• 2016.11.22
  • How can you gain entrance to that timeless landscape?
Have you ever neglected to visit tourist spots in the area because you live there?  There are at least two places in Milan that I’ve been meaning to visit since moving here 20 years ago.

Today, I visited the Monumental Cemetery to give thanks for being hired as a KWN special correspondent. For 20 years I intended to visit the memorial cemetery in Milan, but had been putting it off, but prompted by the fact that I became a special correspondent reporting on information on Milan, I finally made the visit. On November 1st, the Christian holiday called All Saints’ Day, I joined the Milanese visiting their family gravesites and went to the cemetery.

For the past few days, Milan has been enveloped in thick mist in the morning and evening. This morning the fog was light, so I wouldn’t be faced with the type of scene you see in horror movies where a graveyard visit is made to a gravesite shrouded in mist. Joking aside, why is this memorial cemetery deemed important by tourists and residents? In a nutshell, it’s because it’s a treasure-trove of artworks. It can be called an art museum that links to heaven.

A Gothic-style chapel constructed of white marble stately stands in front of a plaza of white stone pavement. Just gazing this scene, I could feel the difference with other places in Milan, but as I ventured further inside, I was taken into a setting that could make me forget I’m in Milan. It’s a landscape that seems timeless. Yes, it’s a cemetery, but it seems more appropriate to call it a landscape. Amazing sculptures fill the expansive cemetery that is thick with trees. It is overflowing with richly expressive figures that include a bronze replica that recreates The Last Supper and a pillar  that recreates the Way of the Cross. Before I knew it, I was surrounded by a myriad of sculptures and was at a loss as to where to begin viewing them. I felt I’d probably get lost as I ventured forward looking at them, becoming entranced by the works of art. I began wondering if it’s possible to feel that you’re lost, but in actuality be in another dimension? Maybe because of my fanciful musings, my hand tightened around the cemetery map I got at the entrance, and I walked around the cemetery while looking repeatedly at the map so I wouldn’t lose my way.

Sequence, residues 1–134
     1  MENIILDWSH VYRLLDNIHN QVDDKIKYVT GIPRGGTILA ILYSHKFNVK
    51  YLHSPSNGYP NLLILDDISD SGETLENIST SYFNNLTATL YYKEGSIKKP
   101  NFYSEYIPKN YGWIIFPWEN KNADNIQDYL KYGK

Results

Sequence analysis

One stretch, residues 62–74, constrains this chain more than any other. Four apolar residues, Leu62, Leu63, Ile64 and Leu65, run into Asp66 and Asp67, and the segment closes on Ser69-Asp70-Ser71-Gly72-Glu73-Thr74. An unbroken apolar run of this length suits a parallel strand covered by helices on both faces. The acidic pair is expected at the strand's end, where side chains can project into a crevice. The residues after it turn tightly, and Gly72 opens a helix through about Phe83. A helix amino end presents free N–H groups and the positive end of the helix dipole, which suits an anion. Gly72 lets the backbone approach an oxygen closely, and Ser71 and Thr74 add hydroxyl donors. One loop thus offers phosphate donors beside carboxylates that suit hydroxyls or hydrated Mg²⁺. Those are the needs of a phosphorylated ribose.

This memorial cemetery is open to all the living, but not everyone who dies. To be buried in this cemetery, you have to pass a stringent review. Those who passed the review and rest in this tranquil place are war dead that fought for the honor of Italy, businesspeople who achieved great success in Italy, distinguished artists, politicians and athletes who contributed to Italy, and people not of the Hebrew or Catholic faith.
Surprisingly, it seems things are not so easy even after death …

 
161122_mikami

REPOTER

  • Yuriko Mikami
  • AgeDog (INU)
  • GenderFemale
  • JobMusician

A cellist based in Milan. Performs solo and ensemble concerts, as well as produces multi-style stage performances that combine theatrical shows, images, dances and live music.

View a list of Yuriko Mikami's

REPORTER

PAGE TOP